Building Mutual Aid among Young People with Emotional and Behavioral Problems: The Experiences of Hong Kong Social Workers

By Ngai, Steven Sek-yum; Cheung, Chau-kiu et al. | Adolescence, Summer 2009 | Go to article overview
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Building Mutual Aid among Young People with Emotional and Behavioral Problems: The Experiences of Hong Kong Social Workers


Ngai, Steven Sek-yum, Cheung, Chau-kiu, Ngai, Ngan-pun, Adolescence


INTRODUCTION

Adolescence and the biological, intellectual, emotional, and social changes accompanying this developmental period can be difficult. Intertwined with these developmental changes is the expression of a range of emotional and behavioral problems (hereafter referred to as EBP; Dryfoos, 1990). Some of these problems are age-normative and involve experimentation (e.g, alcohol use, minor delinquency), whereas the more severe expressions of such problems exhibited by others (e.g., criminal behavior, depressive disorders) may impose constraints on both current functioning and future developmental trajectories (Harrington, Rutter, & Fombonne, 1996). Relative to their peers, young people with EBP experience elevated dropout rates, higher levels of unemployment and underemployment, lower rates of civic and community participation, and higher rates of incarceration (Lane, Carter, Pierson, & Glaeser, 2006).

Previous research indicates that young people who have EBP are amenable to social work support, notably through group work that promotes mutual aid (Heckman & Lochner, 2000; Yan, 2001). This kind of intervention has become increasingly crucial in both maximizing the Contribution of social work and minimizing its costs. As such, a key common factor in the success of social work input in promoting youth mutual aid is the promotion of sustainable social capital, which rests on altruism and social support in a socially desirable way (Jagendorf & Malekoff, 2000).The ultimate desirable outcome is rehabilitation from various problems, and sustaining mutual aid is a necessary step toward realizing its contribution to such rehabilitation. Hence, the major concern is not whether mutual aid is helpful, but how to make it helpful, including promoting the provision of mutual aid in a constructive way.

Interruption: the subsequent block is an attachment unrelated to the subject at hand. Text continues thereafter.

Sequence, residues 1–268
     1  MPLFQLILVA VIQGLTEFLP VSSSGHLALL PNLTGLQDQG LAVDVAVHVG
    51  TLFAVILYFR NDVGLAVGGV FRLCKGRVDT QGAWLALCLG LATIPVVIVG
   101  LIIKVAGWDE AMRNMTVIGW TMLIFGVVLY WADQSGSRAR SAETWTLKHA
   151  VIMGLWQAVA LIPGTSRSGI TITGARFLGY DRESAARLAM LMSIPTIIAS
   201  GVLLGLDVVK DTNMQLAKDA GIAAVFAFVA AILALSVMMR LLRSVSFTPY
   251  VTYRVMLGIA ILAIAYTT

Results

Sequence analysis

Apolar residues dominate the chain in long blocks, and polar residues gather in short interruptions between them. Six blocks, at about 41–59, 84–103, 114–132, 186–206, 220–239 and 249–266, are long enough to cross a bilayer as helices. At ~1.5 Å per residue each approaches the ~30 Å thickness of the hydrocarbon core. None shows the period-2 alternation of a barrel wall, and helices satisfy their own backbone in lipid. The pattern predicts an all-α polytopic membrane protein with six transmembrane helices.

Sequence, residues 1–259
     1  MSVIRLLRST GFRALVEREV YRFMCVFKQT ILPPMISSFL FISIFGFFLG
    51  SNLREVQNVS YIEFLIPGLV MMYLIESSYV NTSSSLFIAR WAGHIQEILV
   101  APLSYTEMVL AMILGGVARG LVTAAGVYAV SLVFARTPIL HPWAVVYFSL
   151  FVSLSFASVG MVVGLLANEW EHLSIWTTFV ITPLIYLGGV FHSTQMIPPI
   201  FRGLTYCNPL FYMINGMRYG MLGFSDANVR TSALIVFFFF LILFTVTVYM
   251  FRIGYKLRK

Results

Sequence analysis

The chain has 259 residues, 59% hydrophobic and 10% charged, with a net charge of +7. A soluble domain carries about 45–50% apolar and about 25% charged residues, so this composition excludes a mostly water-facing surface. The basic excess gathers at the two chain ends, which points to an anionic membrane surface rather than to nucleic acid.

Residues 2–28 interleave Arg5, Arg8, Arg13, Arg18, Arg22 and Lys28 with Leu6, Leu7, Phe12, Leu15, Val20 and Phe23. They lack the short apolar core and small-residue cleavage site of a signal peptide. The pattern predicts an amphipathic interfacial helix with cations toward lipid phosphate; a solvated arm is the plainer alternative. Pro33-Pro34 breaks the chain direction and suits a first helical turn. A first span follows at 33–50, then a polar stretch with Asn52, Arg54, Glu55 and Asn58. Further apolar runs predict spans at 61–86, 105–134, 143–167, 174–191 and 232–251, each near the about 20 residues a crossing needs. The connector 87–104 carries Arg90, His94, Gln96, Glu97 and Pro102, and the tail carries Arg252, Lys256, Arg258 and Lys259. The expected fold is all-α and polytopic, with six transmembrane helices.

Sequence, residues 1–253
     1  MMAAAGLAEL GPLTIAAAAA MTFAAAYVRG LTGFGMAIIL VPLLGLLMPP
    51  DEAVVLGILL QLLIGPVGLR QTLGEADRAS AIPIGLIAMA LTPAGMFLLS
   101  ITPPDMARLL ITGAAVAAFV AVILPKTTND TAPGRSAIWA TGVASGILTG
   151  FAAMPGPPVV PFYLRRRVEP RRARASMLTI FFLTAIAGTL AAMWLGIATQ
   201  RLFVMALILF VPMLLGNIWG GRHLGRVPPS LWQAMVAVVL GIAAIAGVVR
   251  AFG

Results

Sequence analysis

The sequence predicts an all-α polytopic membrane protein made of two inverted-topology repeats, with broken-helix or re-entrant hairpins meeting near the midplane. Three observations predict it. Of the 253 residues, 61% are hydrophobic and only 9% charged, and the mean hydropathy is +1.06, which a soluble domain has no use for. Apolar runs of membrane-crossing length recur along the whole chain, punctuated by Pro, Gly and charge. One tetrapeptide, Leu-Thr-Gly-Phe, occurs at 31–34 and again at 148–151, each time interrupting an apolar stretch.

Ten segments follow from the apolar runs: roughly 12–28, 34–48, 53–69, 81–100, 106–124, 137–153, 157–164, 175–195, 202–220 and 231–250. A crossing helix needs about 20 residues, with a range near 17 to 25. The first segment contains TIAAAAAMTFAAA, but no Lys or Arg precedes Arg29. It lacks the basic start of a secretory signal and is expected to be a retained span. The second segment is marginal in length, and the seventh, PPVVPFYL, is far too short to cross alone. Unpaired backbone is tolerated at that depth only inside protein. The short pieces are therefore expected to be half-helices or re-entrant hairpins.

Given the potential benefits of mutual aid, it is imperative to clarify the ways in which social work service can be used to maximize these benefits. This study draws on data collected from three focus group interviews with social workers in Hong Kong to illuminate the key factors in group work practice that are conducive to the mutual aid and rehabilitation of EBP youth. By capitalizing on the experiences gained by social workers in interacting with this population, this study seeks to provide new ideas for further research on the provision of services to EBP youth and, consequently, lead to more efficient social work input that will enhance the positive development of these young people.

LITERATURE REVIEW

Conceptualizing the Mutual Aid Group

The idea of a group as a system for mutual aid is rooted in an ecological conception of the nature of the relationship between individuals and society wherein individuals have a natural impetus toward growth and belonging, and society has a similar impetus to integrate its parts into a productive and dynamic whole (Schwartz, 1977). In this view, the small group is a special case of the larger individual-social engagement, which resembles an enterprise in mutual aid or an alliance of individuals who need each other to work on certain common problems. Since group members share common experiences and concerns, they are olden receptive to one another's views, suggestions, and challenges. As members reach out to one another, they experience a variety of helping relationships and become increasingly participative in interpersonal processes. Mutual aid encourages members to struggle, to offer and receive help from one another, and thus to accomplish the purpose of the group (Gitterman & Shulman, 2005).

For members to experience mutual aid, they need to demonstrate to one another specific kinds of behavior in group processes (Gitterman, 2005). Among these are trust and acceptance, which require an ability to convey to others their worth, express care and interest, and offer helpful and empathic suggestions. Providing hope is another type of behavior that is essential to mutual aid.

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